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#082 John Schlesinger: Midnight Cowboy vs. Honky Tonk Freeway



Download MP3 In today's episode Nate and Austin compare John Schlesinger's best and worst rated films, Midnight Cowboy (1969) and Honky Tonk Freeway (1981), respectively. Nate is not a Honky Tonk happy camper, Austin talks about his feelings on Dustin Hoffman, and they both confront their masculinity. Check back next Sunday at 7pm PST where we will compare Yorgos Lamthimos's Dogtooth (2009) and Alps (2011), his best and worst rated films.
Also check out this interview revisiting the cast and crew of Midnight Cowbow: https://www.youtube.com/watch?v=BGR_mD9nW6g

Honky Tonk Freeway Notes

Worst Rated

PLOT: Ticlaw, a small town in Florida, has only one attraction: a safari park. The government constructs a freeway that passes near Ticlaw, but decides not to put an exit into the town. The people of Ticlaw, led by its Mayor, will do anything in order to convince the governor to alter the project.
  • Ratings: IMDb 5.0 | RT N/A C / 51% A
  • Released: 1981
  • Director: John Schlesinger
  • Writer(s): Edward Clinton
  • Cinematographer: John Bailey (In the Line of Fire, Antitrust, Silverado)
  • Notable actors: David Rasche, Paul Jabara, Howard Hesseman, Teri Garr, Jenn Thompson, Peter Billingsley, Beau Bridges, Beverly D’Angelo, Daniel Stern
  • Budget: $24 million
  • Box office: $2 million
  • Fun Facts:
    • The entire town of Mount Dora, Florida, was painted pink for this picture.
    • Due to delays in filming the movie, the Mount Dora section of the picture was was pushed back until the 1980 summer when it had meant to shoot there in spring.
    • When released, its $24 million budget made it the most expensive comedy ever produced. It was a major failure at the box office.
    • Director John Schlesinger's original cut was somewhere in the range of three hours.
    • Two thousand extras and background artists in Mount Dora, Florida were paid around US $35 per day to appear in the film.
    • According to Pulse the Magazine, "the film had been fraught with problems, from a disjointed script to its title - and marketing that implied it was just '...another car crash comedy romp'. This was compounded by the producers' decision to sell the video rights before Universal Pictures agreed to release the film. Angered by this, Universal minimized their marketing support and limited the number of theaters in which the film was shown. Withdrawn from theaters just a week after its release, the movie disappeared".

Midnight Cowboy Notes

Best Rated

PLOT: A naive hustler travels from Texas to New York to seek personal fortune but, in the process, finds himself a new friend.
  • Ratings: IMDb 7.9 | RT 90% C / 88% A
  • Released: 1969
  • Director: John Schlesinger
  • Writer(s): Waldo Salt (screenplay), James Leo Herlihy (based on the novel by)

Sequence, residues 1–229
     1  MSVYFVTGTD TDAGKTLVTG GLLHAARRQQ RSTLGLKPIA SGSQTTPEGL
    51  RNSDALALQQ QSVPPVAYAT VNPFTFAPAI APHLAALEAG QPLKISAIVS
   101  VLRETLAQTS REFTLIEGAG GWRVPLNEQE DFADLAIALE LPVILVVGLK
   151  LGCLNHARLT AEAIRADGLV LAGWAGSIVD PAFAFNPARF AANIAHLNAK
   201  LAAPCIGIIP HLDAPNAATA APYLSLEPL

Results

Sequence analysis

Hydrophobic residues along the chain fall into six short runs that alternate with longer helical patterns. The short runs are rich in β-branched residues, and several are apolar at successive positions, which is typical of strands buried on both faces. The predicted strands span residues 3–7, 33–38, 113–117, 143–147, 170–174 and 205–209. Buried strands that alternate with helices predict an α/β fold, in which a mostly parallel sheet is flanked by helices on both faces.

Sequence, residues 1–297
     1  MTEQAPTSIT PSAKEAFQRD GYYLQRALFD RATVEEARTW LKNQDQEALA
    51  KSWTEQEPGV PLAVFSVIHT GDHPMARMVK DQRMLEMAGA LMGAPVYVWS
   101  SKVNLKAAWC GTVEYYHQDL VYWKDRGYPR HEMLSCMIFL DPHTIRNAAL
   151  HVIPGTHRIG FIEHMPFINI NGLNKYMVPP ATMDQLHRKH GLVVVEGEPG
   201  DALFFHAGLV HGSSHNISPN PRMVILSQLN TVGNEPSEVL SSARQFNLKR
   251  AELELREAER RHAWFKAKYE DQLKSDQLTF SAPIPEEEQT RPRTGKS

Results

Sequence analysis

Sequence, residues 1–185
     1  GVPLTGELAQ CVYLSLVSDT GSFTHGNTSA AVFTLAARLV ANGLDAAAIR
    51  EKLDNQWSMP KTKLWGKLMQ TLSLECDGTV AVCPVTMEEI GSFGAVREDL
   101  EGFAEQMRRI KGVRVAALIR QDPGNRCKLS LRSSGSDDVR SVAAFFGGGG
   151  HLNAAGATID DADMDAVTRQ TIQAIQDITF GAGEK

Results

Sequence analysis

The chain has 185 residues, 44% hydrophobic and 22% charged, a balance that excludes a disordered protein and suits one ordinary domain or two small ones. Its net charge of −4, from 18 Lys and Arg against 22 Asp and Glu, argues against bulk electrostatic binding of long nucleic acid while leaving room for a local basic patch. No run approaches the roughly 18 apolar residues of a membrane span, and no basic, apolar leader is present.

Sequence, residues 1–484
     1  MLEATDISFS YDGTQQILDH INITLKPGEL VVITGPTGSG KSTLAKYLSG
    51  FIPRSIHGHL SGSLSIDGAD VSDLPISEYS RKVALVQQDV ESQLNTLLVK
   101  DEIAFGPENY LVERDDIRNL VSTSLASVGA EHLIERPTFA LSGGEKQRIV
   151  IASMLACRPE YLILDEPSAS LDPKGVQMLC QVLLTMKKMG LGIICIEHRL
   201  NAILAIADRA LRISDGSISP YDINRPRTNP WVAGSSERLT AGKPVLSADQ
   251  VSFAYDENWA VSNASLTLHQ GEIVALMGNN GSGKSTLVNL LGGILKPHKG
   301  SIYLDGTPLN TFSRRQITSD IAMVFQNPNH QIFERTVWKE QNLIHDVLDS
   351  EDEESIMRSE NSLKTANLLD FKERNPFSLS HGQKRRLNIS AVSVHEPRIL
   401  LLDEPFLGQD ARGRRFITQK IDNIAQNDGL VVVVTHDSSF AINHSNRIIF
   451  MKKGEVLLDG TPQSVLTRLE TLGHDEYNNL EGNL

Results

• Cinematographer: Adam Holender (Smoke, Twisted, Sea of Love)
  • Notable actors: Dustin Hoffman, Jon Voight, Sylvia Miles, John McGiver, Brenda Vaccaro, Barnard Hughes, Ruth White, Jennifer Salt, Gilman Rankin
  • Budget: $3.2 million
  • Box office: $44.8 million
  • Fun Facts:
    • Before Dustin Hoffman auditioned for this film, he knew that his all-American image could easily cost him the job. To prove he could do it, he asked the auditioning film executive to meet him on a street corner in Manhattan, and in the meantime, dressed himself in filthy rags. The executive arrived at the appointed corner and waited, barely noticing the "beggar" less than ten feet away who was accosting people for spare change. At last, the beggar walked up to him and revealed his true identity.
    • Dustin Hoffman put in so much effort portraying one of Ratso's coughing fits that one time he actually ended up vomiting.
    • According to Dustin Hoffman himself, the taxi incident *wasn't* scripted. During an L.A. Times interview in Jan. 2009, he said that the movie didn't have a permit to close down the NYC street for filming, so they had to set-up the scene with a hidden camera in a van driving down the street, and remote microphones for the actors. After 15 takes, it was finally going well, but this time, as they crossed the street, a taxi ran a red light. Hoffman wanted to say "Hey, we're SHOOTING here!", not only from fear of his life, but also from anger that the taxi driver might have ruined the take. Instead, being the professional that he is, he stayed in character and shouted "Hey, we're WALKING here!" and made movie history. Jon Voight also backs up this version of the incident, saying that seeing how well Hoffman was handling the situation, he likewise stayed in character.
    • Dustin Hoffman kept pebbles in his shoe to ensure his limp would be consistent from shot to shot.
    • The film was rated "X" (no one under 17 admitted) upon its original release in 1969, but the unrestricted use of that rating by pornographic filmmakers caused the rating to quickly become associated with hardcore sex films. Because of the stigma that developed around the "X" rating in the ratings system's early years, many theaters refused to run "X" films and many newspapers would not run ads for them. The film was given a new "R" (children under 17 must be accompanied by a parent or legal guardian) rating in 1971, without having anything changed or removed. It remains the only X-Rated film ever to win the Oscar for Best Picture, be shown on network TV (although the R reclassification had taken place by then), or be screened by a sitting U.S. President, Richard Nixon.
    • Bob Dylan wrote the song "Lay, Lady, Lay" for the film, but didn't complete it in time to be included in the soundtrack.
    • This film contains the first recorded use of the word "scuzzy", as a description of Ratso Rizzo. At its root, "scuzzy" is apparently a combination of "scummy" and "fuzzy".

Intro music by Eric Lynch

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